The present invention relates to a semiconductor resistor, method of making the resistor and method of making an IC including resistors. Buried wells are formed in the silicon substrate of a silicon on insulator (SOI) wafer. At least one trench is formed in the buried wells. Resistors are formed along the sidewalls of the trench and, where multiple trenches form pillars, in the pillars between the trenches by doping the sidewalls with an angled implant. Resistor contacts are formed to the buried well at opposite ends of the trenches and pillars, if any.
The foregoing and other objects, aspects and advantages will be better understood from the following detailed description of a preferred embodiment of the invention with reference to the drawings, in which:
FIGS. 1A-C show a first example of a discrete resistor in Ultra-Thin semiconductor (e.g., Silicon) On Insulator (UTSOI) according to a preferred embodiment of the present invention;
FIGS. 4A-B show multi-well examples of a second preferred embodiment UTSOI resistors formed in a layered multi-well;
FIGS. 6A-B show variations on yet another example of a preferred embodiment UTSOI resistor with a single well.
Turning now to the drawings and, more particularly, FIGS. 1A-C show a first example of a discrete resistor 100 in Ultra-Thin semiconductor (e.g., Silicon) On Insulator (UTSOI), according to a preferred embodiment of the present invention.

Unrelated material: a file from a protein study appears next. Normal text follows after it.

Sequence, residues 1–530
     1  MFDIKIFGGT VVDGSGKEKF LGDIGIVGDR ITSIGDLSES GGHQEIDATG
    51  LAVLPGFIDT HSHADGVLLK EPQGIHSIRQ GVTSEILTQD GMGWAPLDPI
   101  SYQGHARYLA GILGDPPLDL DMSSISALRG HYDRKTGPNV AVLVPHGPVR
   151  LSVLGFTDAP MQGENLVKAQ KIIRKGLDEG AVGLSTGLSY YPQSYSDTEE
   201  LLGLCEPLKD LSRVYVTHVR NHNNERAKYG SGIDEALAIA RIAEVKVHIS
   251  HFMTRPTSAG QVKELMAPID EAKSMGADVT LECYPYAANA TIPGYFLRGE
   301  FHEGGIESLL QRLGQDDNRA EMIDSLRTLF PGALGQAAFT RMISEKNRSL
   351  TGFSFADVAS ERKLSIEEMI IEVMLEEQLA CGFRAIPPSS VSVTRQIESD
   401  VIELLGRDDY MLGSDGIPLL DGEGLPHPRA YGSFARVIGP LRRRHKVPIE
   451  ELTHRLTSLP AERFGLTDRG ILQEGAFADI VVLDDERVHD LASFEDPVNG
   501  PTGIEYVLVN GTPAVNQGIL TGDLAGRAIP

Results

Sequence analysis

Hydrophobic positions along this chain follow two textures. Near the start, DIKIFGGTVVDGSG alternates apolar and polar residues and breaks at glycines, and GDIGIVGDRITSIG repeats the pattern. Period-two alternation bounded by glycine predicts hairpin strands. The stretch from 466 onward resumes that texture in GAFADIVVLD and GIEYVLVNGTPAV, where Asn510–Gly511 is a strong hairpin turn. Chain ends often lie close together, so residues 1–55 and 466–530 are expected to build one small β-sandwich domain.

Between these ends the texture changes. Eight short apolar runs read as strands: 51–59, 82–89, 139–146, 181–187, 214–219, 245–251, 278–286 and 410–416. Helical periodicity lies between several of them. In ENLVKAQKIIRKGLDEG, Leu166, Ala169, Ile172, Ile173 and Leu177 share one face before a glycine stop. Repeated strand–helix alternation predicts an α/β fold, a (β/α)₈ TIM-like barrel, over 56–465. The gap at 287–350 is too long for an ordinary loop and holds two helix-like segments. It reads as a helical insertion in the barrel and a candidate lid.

Optionally, in step 134 buried wells 112 may be formed at resistor locations, e.g., implanting dopant through the islands 110 and into the substrate 104 and diffusing to form the buried wells 112. N-type or P-type wells are formed depending upon, and opposite from, the selected substrate 104 and dopant type, to form an isolating junction with the substrate. Also, in one preferred embodiment as set forth hereinbelow, the buried well may be a multi-well defined in the substrate 104. Resistive trench formation begins in step 136, by opening deep trenches 114 through the islands 110, underlying insulator 108 and into substrate 104, or if included, the buried wells 112. So, for example, deep trenches 114 are formed in the resistor locations 100, extending into the buried well 112, preferably, 0.1-1.0 μm, depending upon desired resistance. Next, using an angled implant a dopant of a type opposite that of the substrate 104 is implanted into trench sidewalls 116, represented by arrows 124 in
Trench sidewalls 116 are heavily doped with the same type dopant as the doped well (e.g., to a dopant concentration of 1015-1021 cm−3), such that the sidewalls 116 are resistive. Thereafter, in a typical dopant diffusion step (e.g., with source/drain diffusion), dopant is diffused into the sidewalls 116 and especially into the pillar 118 between the trenches 114. Preferably, the dopant outdiffuses from the sidewalls 116 to merge between trenches 114 with pillars 118 being resistive.